“It was something I never told anyone about. I must have been about nine years old, on our regular summer holiday to the pine forested little bay of Cala Lleña, in the north-east of Ibiza. We had taken a trip on the ‘glass bottom boat’, a little boat with a glass pane in its base, letting those on board marvel at the underwater world below. We had entered a tiny little bay, and were just leaving it. As I remember, my mother, grandmother and I were at the rear of the boat, they looking ahead whilst I looked behind to the remote, pine-covered hills and honey-coloured rocky mounds meeting the water. I felt like I was gazing at a private, untouched realm, inhabited by no other human being – a place I shouldn’t be in. And then I saw her – high up on a rock, in the middle of nowhere – a woman with bronzed skin, naked and long-haired like a mermaid. She saw me gazing at her from my boat out on the water, raised her hand, smiled a smile I would never forget, and dove into the water. It all happened so quickly it could have been a dream. The memory of that woman and the smile she shared with me always remained – it seems that my nine year old self had filed away her encounter with that apparition on the rock as a meeting with her own destiny.”
Joanna Hruby grew up in South West England where she relished, amongst other things, mushroom picking in the woods with her father, and drawing. When she left school she had little interest in going to university, instead leaving England to explore new lands, living in Vienna for a year, and travelling in Spain, Morocco and Mexico. Now, as an adult, she found herself returning to the little Mediterranean island she had so loved as a child, and discovered its magic to be just as strong as ever, whilst also finding an incredibly free-spirited atmosphere and diverse artistic community.
After several years of living and travelling abroad and developing a relentless hunger for craft traditions, folk arts and marginal ‘outsider’ arts, Joanna finally returned to her home country and embarked on formal study. A Foundation Art and Design diploma taught her that she was, apparently, a ‘craftswoman’ not a fine artist, and she folornly resigned herself to being a devoted craftswoman forever tied to short term, minimum wage jobs. One evening, she was taken to see a performance at The Puppet Barge, a puppet theatre based on a boat moored on the Thames river in London. It was a string marionette rendition of Coleridge’s The Rime of the Ancient Mariner, and its simple, innocent magic on that chilled November night touched her deeply. A fortuitous series of events followed, leading her to discover the existence of a BA(Hons) degree in Puppetry at the Royal Central School of Speech and Drama in London.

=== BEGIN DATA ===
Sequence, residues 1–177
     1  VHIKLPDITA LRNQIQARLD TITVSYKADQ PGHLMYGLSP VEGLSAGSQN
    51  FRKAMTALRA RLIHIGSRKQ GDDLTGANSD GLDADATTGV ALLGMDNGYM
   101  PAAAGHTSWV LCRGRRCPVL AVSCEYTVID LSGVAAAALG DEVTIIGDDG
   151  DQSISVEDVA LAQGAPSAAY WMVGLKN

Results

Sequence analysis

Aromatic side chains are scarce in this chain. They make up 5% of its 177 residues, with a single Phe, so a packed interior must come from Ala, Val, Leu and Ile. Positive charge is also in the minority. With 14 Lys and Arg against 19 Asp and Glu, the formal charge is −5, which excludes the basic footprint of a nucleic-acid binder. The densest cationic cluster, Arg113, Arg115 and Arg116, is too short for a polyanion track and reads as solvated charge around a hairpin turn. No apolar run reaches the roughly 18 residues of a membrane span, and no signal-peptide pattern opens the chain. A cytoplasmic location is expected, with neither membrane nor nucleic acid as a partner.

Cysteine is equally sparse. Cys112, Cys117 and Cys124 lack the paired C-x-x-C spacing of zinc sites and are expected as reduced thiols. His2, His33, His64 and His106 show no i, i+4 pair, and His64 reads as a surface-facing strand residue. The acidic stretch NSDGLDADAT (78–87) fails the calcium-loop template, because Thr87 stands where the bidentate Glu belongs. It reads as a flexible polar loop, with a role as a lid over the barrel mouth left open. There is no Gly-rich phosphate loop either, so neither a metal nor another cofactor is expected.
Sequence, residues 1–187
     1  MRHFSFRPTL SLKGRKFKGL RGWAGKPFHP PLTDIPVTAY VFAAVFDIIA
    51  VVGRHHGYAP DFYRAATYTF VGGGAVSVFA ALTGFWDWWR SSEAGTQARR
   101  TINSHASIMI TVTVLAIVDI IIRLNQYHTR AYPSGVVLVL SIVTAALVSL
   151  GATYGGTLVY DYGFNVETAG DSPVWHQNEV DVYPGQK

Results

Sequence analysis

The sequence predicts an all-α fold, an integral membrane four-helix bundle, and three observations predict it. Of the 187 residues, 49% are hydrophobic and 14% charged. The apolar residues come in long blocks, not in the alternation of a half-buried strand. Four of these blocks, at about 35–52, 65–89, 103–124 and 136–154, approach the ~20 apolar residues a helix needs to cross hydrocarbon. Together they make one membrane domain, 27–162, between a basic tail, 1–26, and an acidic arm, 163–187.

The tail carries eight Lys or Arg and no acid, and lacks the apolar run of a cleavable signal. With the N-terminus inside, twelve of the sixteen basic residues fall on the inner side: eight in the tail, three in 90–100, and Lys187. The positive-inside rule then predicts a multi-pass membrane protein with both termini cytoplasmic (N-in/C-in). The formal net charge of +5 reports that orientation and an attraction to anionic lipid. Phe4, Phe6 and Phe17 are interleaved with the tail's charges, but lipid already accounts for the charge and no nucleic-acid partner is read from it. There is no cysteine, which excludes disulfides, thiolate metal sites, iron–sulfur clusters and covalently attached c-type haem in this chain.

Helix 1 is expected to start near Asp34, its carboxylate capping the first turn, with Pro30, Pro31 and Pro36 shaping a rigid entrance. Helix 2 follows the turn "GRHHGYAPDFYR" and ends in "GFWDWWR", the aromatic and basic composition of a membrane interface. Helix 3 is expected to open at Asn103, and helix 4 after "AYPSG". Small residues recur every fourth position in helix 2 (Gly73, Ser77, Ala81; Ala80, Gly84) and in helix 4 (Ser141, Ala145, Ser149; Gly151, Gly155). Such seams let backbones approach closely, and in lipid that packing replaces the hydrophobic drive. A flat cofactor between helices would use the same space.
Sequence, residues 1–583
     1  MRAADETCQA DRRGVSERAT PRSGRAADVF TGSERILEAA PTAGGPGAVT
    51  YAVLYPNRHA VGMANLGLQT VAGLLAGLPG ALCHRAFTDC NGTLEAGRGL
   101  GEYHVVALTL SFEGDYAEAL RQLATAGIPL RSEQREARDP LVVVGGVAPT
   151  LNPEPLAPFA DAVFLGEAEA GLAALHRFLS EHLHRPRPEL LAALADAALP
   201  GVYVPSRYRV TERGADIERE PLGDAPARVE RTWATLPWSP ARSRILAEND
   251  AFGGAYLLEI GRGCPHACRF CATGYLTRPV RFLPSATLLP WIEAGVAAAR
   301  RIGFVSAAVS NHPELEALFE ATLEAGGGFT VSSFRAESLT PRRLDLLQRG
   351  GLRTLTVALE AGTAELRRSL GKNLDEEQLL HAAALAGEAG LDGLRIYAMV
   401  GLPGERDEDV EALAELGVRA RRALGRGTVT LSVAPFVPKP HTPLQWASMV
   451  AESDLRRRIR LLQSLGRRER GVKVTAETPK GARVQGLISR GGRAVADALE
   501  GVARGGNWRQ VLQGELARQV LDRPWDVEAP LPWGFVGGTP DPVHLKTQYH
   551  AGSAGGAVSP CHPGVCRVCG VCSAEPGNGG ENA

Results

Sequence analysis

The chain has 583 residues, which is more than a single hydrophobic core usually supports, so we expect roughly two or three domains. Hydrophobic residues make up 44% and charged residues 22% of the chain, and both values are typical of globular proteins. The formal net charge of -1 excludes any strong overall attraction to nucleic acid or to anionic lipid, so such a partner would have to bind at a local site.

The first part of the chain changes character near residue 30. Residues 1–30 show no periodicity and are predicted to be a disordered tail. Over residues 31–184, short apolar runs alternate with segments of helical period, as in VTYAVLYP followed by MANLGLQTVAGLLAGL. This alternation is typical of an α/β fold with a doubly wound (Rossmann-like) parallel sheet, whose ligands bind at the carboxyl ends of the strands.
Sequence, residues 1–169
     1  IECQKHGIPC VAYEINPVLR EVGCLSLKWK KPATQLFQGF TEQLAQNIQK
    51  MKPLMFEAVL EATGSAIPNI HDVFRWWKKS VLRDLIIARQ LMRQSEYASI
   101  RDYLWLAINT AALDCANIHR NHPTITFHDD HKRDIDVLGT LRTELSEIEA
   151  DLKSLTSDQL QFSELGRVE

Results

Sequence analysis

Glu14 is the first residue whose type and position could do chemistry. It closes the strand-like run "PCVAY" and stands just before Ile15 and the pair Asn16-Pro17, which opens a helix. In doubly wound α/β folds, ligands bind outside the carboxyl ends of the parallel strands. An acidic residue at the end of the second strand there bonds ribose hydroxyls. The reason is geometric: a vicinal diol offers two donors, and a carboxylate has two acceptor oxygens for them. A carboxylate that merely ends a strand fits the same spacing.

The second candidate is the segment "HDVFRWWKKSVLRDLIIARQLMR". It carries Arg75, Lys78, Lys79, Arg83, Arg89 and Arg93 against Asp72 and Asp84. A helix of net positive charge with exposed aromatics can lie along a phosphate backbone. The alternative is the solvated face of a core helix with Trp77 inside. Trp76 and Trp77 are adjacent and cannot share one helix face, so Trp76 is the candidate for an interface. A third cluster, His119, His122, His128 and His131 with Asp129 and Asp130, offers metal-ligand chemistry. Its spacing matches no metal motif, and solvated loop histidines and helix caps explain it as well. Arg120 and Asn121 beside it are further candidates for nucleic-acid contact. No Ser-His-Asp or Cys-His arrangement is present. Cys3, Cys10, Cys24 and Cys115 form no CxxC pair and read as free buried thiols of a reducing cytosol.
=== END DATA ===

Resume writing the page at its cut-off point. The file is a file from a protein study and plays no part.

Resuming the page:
During her degree, Joanna deepened her fascination with folk arts, folk theatre and storytelling, immersing herself in England’s rich folklore and seasonal traditional events, whist also joining the Westcountry School of Myth and Storytelling. During this time she travelled across the Atlantic to do an apprenticeship with anti-capitalist folk theatre activists The Bread and Puppet Theater in Vermont, USA, who introduced her to an incredible world of revived arcane theatre crafts, traditions and techniques.
In the years following her degree, Joanna qualified as a Secondary level teacher in Art and Design, returning to Devon to develop herself as a freelance visual theatre artist, performer and workshop facilitator. During these years she was the lead artist for the Westcountry Storytelling Festival 2012, and the Wood Sisters Storytelling Festival 2014, also working with Four of Swords Theatre to create puppetry elements for Gawain and the Green Knight, Faustus and Jason and the Argonauts. She built puppets and toured the UK with Devon-based marionette company Puppetcraft, and delivered workshops in primary and secondary schools, special schools, art colleges, universities and theatre education centres. In 2015 Joanna was awarded an Arts Council England grant to develop The Weeping Tree, a ritualistic performance drawing on paper theatre, automata and ‘pop-up book’ techniques – it was performed later that year at the Little Angel Theatre, London’s historical little puppet theatre – and a special night that was.
But within a week or so, Joanna loaded her bicycle, sewing machine and other belongings into a car and took a boat to Spain, headed for Ibiza. She had some unfinished business with a woman she once saw on a rock.